International Studies Quarterly, 58, no. 3 (2014).
46 Pages Posted: 22 Aug 2012 Last revised: 4 Feb 2015
Date Written: August 22, 2012
This paper examines how the circumstances of democratic transition affect the consequences of losing office for outgoing dictators. Using data on constitutional origins and democratization from 1875-2004, we find that outgoing dictators who are able to retain a holdover constitution through democratization and beyond are less likely to face severe punishment upon relinquishing their rule. These results hold after accounting for alternative explanations of autocrats' post-tenure fate and after using instrumental variables to adjust for potential endogeneity. We also document several mechanisms by which this occurs: proportional representation, the election of right-wing executives, post-transition military influence, and elite control over local politics. The findings suggest that for dictators who fear their ousting in the face of domestic unrest or potential instability, democracy can provide a plausible avenue for protecting their most basic interests.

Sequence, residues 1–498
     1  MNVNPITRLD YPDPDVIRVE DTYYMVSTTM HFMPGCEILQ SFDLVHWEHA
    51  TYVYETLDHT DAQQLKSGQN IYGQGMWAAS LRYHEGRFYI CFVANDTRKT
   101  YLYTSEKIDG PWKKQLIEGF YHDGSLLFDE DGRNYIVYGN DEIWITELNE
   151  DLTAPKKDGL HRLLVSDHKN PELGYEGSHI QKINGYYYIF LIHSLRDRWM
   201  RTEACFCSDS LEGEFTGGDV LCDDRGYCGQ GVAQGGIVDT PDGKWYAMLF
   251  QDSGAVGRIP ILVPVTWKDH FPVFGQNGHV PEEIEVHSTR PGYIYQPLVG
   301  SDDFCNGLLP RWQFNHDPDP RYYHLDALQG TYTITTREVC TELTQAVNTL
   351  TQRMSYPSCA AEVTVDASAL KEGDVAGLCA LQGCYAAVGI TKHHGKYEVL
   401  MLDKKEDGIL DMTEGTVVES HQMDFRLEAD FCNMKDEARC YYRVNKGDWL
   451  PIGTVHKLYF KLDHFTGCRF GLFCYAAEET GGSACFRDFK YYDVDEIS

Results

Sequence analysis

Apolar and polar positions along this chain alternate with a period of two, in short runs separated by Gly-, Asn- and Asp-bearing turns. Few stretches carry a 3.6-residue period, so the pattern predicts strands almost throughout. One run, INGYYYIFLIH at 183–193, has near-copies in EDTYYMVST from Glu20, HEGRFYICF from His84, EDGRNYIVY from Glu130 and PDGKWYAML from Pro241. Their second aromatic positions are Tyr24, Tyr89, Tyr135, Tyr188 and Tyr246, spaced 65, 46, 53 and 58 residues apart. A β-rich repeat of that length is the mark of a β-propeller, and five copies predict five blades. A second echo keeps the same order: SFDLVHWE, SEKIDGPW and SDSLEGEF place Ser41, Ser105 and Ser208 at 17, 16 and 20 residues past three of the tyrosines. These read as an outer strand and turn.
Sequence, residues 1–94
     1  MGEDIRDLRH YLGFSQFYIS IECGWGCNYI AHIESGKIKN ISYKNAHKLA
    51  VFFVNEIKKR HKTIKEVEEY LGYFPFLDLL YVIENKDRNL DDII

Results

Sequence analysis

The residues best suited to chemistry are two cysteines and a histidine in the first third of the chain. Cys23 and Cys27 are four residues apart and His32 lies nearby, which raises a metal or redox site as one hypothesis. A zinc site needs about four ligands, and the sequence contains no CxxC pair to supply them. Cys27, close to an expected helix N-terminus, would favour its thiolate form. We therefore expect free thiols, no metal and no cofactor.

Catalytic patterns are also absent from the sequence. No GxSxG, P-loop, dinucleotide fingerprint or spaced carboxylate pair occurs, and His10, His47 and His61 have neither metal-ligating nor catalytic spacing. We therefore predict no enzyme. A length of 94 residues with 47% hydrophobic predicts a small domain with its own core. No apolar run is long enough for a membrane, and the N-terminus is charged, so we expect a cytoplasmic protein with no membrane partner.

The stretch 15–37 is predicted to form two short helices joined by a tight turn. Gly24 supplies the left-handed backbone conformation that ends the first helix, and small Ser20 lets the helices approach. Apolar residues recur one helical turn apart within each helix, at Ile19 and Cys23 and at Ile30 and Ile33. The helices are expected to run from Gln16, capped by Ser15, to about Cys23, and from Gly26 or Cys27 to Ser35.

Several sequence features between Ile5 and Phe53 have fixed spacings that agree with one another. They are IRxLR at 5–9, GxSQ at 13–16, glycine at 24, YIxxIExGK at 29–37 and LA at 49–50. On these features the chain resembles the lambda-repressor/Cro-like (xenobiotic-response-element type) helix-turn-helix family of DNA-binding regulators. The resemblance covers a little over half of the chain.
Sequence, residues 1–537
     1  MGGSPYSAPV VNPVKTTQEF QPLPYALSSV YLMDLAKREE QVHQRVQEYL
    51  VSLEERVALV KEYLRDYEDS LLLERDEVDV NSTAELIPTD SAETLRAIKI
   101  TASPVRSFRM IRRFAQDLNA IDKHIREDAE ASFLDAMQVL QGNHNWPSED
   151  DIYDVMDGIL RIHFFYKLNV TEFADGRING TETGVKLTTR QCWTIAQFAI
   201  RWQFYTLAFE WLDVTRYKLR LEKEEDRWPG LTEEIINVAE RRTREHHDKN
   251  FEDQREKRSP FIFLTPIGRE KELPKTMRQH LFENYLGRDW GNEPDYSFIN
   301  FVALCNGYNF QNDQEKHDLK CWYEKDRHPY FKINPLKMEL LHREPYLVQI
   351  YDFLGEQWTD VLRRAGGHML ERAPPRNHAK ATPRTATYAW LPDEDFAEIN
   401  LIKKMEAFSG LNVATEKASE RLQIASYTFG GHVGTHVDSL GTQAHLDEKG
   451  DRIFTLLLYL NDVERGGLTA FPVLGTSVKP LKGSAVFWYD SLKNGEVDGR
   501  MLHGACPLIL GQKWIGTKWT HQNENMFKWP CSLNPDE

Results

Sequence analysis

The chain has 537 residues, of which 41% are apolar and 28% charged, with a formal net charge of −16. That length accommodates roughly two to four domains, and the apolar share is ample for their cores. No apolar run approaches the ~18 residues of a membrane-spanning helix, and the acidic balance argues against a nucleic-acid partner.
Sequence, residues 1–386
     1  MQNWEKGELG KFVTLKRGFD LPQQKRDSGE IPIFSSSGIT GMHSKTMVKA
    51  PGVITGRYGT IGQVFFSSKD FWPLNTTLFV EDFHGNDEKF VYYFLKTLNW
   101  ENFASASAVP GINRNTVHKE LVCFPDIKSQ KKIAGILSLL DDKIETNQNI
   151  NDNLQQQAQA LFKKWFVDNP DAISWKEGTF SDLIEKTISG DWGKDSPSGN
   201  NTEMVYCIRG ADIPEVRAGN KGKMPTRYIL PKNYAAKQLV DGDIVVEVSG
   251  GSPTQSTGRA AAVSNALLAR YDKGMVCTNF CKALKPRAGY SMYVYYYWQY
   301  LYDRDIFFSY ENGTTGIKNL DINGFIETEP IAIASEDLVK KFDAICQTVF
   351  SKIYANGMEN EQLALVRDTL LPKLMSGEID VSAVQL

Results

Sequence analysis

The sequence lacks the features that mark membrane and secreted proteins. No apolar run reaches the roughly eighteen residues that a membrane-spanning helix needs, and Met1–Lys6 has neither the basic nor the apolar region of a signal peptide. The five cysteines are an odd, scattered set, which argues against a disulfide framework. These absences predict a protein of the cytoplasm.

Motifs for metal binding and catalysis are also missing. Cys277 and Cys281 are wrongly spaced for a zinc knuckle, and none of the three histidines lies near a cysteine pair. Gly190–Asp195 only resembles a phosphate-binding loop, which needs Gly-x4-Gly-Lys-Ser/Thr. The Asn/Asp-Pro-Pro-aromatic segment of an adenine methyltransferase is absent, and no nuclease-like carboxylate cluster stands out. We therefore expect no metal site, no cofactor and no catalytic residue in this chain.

Suggested Citation: Suggested Citation
Albertus, Michael and Menaldo, Victor A., Dealing with Dictators: Negotiated Democratization and the Fate of Outgoing Autocrats (August 22, 2012). International Studies Quarterly, 58, no. 3 (2014).. Available at SSRN: https://ssrn.com/abstract=2133784 or http://dx.doi.org/10.2139/ssrn.2133784